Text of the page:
The Reasons Why People Undergo Bariatric Surgery
Lara Pizzorno is the author of “Your Bones: How You Can Prevent Osteoporosis and Have Strong Bones for Life – Naturally” and a member of the American Medical Writers Association with 29 years of experience specializing in bone health.
Recently we asked Lara if she would help us provide a series of short, ongoing videos to help you (our customers and readers) stay up to date on the latest facts and science related to bone health and overcoming osteoporosis naturally.
In this latest video, Lara discusses the different reasons why people undergo bariatric surgery. Watch the video below (or read the transcript provided) and let us know what you think in the comments. 🙂
Hello, my name is Lara Pizzorno. I’m the author of Your Bones and I’m here today to share with you some information that I hope will help you to have healthier bones. In the last couple of videos we’ve been talking about bariatric surgery which is surgery to treat morbid obesity because these surgeries are greatly increasing in how often they are done as more and more of us in the population become obese. And they have very, very negative effects on bone. And these negative effects have not really been reported yet to the general public. And so I’m hoping to provide you with some information if you’re considering bariatric surgery or have had it done already that can help you to have healthier bones.
So in this video I’d like to discuss some of the reasons why people do wish to have bariatric surgery.
Morbid obesity, in addition to making it very difficult to just get around, typically brings with it what medical types call comorbidities. These are other disease conditions that accompany one another and increase our risk of death.
The comorbidities of obesity include insulin resistance, type 2 diabetes, chronic low grade inflammation, high blood pressure, high cholesterol, increased risk of cardiovascular disease, heart attack and stroke, gall bladder disease, liver disease, osteoarthritis, asthma, obstructive sleep apnea, incontinence, menstrual irregularities and plenty more.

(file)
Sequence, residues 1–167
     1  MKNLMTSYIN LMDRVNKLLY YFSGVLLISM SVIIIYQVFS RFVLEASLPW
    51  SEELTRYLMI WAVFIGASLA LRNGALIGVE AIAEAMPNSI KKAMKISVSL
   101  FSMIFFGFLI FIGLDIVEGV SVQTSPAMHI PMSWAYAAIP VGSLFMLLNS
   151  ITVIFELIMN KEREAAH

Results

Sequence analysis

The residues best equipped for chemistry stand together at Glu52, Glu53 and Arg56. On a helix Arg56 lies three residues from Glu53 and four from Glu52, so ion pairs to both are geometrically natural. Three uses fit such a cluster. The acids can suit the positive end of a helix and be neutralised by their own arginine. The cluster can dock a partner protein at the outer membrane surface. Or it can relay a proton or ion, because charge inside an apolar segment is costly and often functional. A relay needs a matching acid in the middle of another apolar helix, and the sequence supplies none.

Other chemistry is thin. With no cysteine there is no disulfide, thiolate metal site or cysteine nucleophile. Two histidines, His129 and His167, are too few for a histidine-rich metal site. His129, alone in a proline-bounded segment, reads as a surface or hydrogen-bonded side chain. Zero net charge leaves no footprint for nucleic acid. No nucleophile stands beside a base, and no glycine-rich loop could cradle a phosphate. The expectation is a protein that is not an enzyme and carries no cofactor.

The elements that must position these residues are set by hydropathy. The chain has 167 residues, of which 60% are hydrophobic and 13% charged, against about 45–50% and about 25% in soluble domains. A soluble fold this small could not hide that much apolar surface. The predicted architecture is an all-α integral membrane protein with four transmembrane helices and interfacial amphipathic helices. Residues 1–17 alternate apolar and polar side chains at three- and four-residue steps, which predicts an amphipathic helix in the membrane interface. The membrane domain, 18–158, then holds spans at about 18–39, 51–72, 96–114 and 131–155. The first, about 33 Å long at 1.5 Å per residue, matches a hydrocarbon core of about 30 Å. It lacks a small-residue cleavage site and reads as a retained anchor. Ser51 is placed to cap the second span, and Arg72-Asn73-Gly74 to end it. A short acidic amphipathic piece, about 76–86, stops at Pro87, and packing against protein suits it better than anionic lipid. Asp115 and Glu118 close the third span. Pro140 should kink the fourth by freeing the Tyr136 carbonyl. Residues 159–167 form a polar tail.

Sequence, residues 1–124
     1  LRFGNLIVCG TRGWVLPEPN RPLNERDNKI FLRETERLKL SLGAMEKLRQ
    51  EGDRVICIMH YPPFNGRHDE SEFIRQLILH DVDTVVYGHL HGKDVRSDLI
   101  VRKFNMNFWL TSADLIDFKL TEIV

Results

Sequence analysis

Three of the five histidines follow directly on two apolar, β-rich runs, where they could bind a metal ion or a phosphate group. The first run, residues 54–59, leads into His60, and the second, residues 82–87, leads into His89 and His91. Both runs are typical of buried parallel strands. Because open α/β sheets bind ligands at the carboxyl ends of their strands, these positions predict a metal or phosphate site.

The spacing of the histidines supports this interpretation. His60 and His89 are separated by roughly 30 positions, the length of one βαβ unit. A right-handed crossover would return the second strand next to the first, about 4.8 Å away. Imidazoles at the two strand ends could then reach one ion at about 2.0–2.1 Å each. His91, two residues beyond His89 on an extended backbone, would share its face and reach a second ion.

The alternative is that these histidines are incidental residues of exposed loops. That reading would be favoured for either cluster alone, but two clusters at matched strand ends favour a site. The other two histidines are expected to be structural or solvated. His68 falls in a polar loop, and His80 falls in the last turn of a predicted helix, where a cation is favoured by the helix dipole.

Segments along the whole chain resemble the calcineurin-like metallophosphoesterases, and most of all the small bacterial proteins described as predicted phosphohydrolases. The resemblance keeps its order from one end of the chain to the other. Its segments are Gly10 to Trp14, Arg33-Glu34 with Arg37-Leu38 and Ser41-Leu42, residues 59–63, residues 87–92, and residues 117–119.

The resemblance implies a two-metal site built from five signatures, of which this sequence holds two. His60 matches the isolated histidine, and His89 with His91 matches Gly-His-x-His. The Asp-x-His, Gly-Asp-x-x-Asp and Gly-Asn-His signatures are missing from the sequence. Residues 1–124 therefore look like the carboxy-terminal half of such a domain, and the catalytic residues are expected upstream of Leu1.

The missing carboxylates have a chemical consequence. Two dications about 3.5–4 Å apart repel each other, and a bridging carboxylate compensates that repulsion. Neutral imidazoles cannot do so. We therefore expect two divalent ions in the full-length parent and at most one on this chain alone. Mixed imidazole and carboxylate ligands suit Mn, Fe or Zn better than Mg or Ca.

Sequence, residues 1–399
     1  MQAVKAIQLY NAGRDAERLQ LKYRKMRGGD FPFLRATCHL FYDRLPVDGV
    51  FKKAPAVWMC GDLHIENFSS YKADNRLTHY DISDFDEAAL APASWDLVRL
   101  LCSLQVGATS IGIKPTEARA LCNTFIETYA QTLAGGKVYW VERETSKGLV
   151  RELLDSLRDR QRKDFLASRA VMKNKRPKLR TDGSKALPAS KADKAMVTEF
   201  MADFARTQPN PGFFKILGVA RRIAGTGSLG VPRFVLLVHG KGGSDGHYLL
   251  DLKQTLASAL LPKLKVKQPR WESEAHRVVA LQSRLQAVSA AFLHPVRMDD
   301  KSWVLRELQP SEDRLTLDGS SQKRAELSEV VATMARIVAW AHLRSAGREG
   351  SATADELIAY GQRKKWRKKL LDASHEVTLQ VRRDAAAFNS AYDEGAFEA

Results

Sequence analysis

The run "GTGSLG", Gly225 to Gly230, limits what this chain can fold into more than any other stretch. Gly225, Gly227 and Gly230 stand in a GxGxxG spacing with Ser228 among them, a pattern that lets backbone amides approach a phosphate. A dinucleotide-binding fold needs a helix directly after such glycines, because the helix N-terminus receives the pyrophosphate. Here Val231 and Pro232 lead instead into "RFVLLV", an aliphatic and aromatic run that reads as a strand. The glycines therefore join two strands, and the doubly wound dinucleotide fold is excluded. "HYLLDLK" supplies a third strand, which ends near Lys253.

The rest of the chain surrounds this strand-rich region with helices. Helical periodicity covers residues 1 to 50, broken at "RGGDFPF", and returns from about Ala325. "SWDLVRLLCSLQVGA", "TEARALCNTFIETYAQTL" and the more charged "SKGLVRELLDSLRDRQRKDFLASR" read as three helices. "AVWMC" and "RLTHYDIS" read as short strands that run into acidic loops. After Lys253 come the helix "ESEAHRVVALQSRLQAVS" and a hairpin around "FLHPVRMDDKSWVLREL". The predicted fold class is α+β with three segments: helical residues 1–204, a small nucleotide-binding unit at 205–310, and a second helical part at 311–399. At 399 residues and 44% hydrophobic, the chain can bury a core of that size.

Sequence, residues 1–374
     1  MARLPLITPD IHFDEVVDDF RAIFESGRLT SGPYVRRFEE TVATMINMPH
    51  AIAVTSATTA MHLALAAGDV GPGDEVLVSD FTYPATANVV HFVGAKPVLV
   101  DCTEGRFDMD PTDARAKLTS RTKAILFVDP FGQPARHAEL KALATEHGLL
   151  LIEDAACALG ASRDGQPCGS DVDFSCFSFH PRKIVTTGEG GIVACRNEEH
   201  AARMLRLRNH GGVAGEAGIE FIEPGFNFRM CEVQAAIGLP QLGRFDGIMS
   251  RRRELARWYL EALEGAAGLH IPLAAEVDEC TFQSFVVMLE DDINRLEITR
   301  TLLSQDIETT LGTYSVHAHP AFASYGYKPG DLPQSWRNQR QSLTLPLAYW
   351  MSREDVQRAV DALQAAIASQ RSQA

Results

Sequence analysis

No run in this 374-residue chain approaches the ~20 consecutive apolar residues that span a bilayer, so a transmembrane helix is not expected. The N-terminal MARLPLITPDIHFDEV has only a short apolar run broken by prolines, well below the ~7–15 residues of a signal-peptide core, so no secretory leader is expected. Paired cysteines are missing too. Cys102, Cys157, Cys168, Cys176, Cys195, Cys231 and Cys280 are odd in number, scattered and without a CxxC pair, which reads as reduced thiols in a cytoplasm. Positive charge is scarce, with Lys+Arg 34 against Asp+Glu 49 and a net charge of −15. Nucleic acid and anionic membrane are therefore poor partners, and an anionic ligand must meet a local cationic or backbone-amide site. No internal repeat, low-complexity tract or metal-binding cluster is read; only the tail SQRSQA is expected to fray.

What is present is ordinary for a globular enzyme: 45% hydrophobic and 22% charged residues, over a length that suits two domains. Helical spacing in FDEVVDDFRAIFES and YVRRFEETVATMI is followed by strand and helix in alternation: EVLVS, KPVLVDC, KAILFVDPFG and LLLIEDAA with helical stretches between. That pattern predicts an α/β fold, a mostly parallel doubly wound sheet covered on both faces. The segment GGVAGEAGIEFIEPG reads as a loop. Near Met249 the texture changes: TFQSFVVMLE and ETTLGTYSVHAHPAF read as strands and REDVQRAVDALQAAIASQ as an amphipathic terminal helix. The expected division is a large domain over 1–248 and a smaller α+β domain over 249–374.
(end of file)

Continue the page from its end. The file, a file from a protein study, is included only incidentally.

Both the Roux-en-Y and the sleeve gastrectomy procedures that we began talking about in the last couple of videos result in not only rapid and very impressive weight loss, but in more than 60% of the patients treated with these procedures, they greatly lessen or even completely resolve many of the life shortening conditions that accompany obesity including diabetes, high cholesterol, high blood pressure, and obstructive sleep apnea.
Unfortunately though, as researchers have now begun to learn, bariatric surgery also changes the digestive tract in ways that immediately, significantly, and adversely impact our ability to absorb calcium and many other nutrients that are necessary for our bones and also for our overall health. And both the Roux-en-Y and sleeve gastrectomy procedures are irreversible.
That’s the findings of the two most recently published studies, which I mentioned in the first two videos, which have confirmed the results of a number of other studies that have also revealed accelerated bone loss that shows no signs of stopping after these procedures, are cause for real concern.
In our next video, we will learn from these two studies what happens to bone within the first two years after gastric bypass surgery. And we’ll also talk about what doctors are now beginning to see in patients 9 to 10 years after their bariatric surgery. I hope this information will be helpful to you and that you’ll tune in next time. Thank you.
Obesity facts, figures and guidelines. West Virginia Division of Health Statistics accessed 3-6-15 http://www.wvdhhr.org/bph/oehp/obesity/commor.htm
Buchwald H, Oien DM. Metabolic/bariatric surgery worldwide 2011. Obes Surg. 2013 Apr;23(4):427-36. doi: 10.1007/s11695-012-0864-0. PMID: 23338049